Published November 18, 2021 2:08PM
NATIONAL WOMEN’S ELITE AND J19 HEAD COACH KIWI CAMPBELL
WAKA AMA by Jack Malcolm
ASSISTANT COACH: Sieda (“CC”) Tureia has coached the junior women’s elite development squad in waka ama and is now assistant coach of the women’s elite and J19 teams.Gisborne Herald file pictures
GISBORNE’S Kiwi Campbell and Sieda (“CC”) Tureia have been appointed coaches for the New Zealand waka ama women’s team for the 2022 IVF World Sprint Championships in Windsor, England.
They will guide both the women’s elite and J19 (junior under-19) teams, Campbell as head coach and Tureia, assistant coach.
Campbell has been a head coach with the New Zealand elite team since their inception in 2016.
She said it was exciting to have a fellow club member in the coaching role. Both are members of Self Storage Gisborne Horouta Waka Hoe.
The pair have built a “really good relationship” on and off the water, having been waka ama teammates many times.
Tureia said it would be a big advantage to have that familiarity as coaching partners. The pair share a long history together in the sport — Campbell coached Tureia’s age-grade team for the 2006 World Cup,
“It’s key to have the right people at the helm of these campaigns,” Campbell said.
“We have a strong track record together and it’s definitely beneficial to have a good understanding of how we deliver and run our next campaign.”
With Covid-19 creating uncertainty over how they might run their team, they plan to conduct trials early next year.
They are working through how the trials might run if regions are in “traffic light” restrictions similar to Alert Level 3.
Waka Ama NZ has committed to a full elite campaign to provide a pathway for paddlers to be selected to represent Aotearoa, regardless of whether they travel to compete.
Campbell and Tureia were in the same roles for last year’s world championships scheduled for Hawaii but were unable to attend due to Covid-19.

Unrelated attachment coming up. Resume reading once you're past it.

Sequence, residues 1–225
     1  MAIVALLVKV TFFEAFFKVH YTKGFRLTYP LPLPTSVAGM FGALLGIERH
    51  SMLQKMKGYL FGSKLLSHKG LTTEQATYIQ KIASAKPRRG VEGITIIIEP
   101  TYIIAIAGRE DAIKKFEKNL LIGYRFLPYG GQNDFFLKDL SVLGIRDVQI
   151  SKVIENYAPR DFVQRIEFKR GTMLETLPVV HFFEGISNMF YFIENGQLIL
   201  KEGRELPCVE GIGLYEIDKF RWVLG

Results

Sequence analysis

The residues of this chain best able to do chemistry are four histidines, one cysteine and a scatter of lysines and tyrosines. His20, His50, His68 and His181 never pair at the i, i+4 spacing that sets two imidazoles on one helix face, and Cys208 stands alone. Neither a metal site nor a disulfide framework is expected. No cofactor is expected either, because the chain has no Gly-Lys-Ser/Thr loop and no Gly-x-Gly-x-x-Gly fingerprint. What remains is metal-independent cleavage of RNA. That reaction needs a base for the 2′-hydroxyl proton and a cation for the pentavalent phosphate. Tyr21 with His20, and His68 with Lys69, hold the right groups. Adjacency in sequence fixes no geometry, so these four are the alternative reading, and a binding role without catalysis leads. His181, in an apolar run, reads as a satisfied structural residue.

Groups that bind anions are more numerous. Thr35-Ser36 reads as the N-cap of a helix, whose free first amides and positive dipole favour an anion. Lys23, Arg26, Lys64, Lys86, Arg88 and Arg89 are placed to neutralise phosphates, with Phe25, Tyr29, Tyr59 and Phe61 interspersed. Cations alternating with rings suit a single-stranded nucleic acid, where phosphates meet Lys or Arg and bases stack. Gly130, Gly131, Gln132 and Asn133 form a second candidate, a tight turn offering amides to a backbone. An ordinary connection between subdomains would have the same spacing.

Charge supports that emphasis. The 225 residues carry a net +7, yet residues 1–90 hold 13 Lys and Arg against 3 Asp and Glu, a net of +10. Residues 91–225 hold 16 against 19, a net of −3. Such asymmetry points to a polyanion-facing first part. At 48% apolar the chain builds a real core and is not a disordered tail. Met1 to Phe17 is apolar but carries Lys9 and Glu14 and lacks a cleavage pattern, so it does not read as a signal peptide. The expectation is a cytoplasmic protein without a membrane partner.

The 2022 team would have big shoes to fill, with the New Zealand women’s team the reigning world champions in two of the three sprint disciplines, Campbell said.
“We know what level we need to reach. We have some really experienced individual top paddlers, but I’m also excited to see the up-and-coming talent coming through the ranks.”
Tureia, who has coached the junior elite development squad, said it was exciting to step into the assistant coaching role.
She was most looking forward to the wider scope of the elite women’s programme, which continued to grow, and working with Campbell.
She said that, after being a competitive paddler herself, her experience helped inform how she coached the next generation of paddlers.
“The way we teach is from years and years of perfecting these different skills.
“When you’re at a high level, it’s nice to give back to bring other people up to experience that as well.”
In this campaign, Tureia is especially looking forward to reconnecting with the Northern Hemisphere paddlers.
She said the facilities and training programmes to which they had access in that part of the world were exciting, and she was eager to learn how they incorporate them into training.
Tureia plans to keep studying towards her masters degree in educational leadership while maintaining her roles as a Horouta Waka Hoe coach and national women’s elite and J19 assistant coach.
She says being busy is just part of the lifestyle.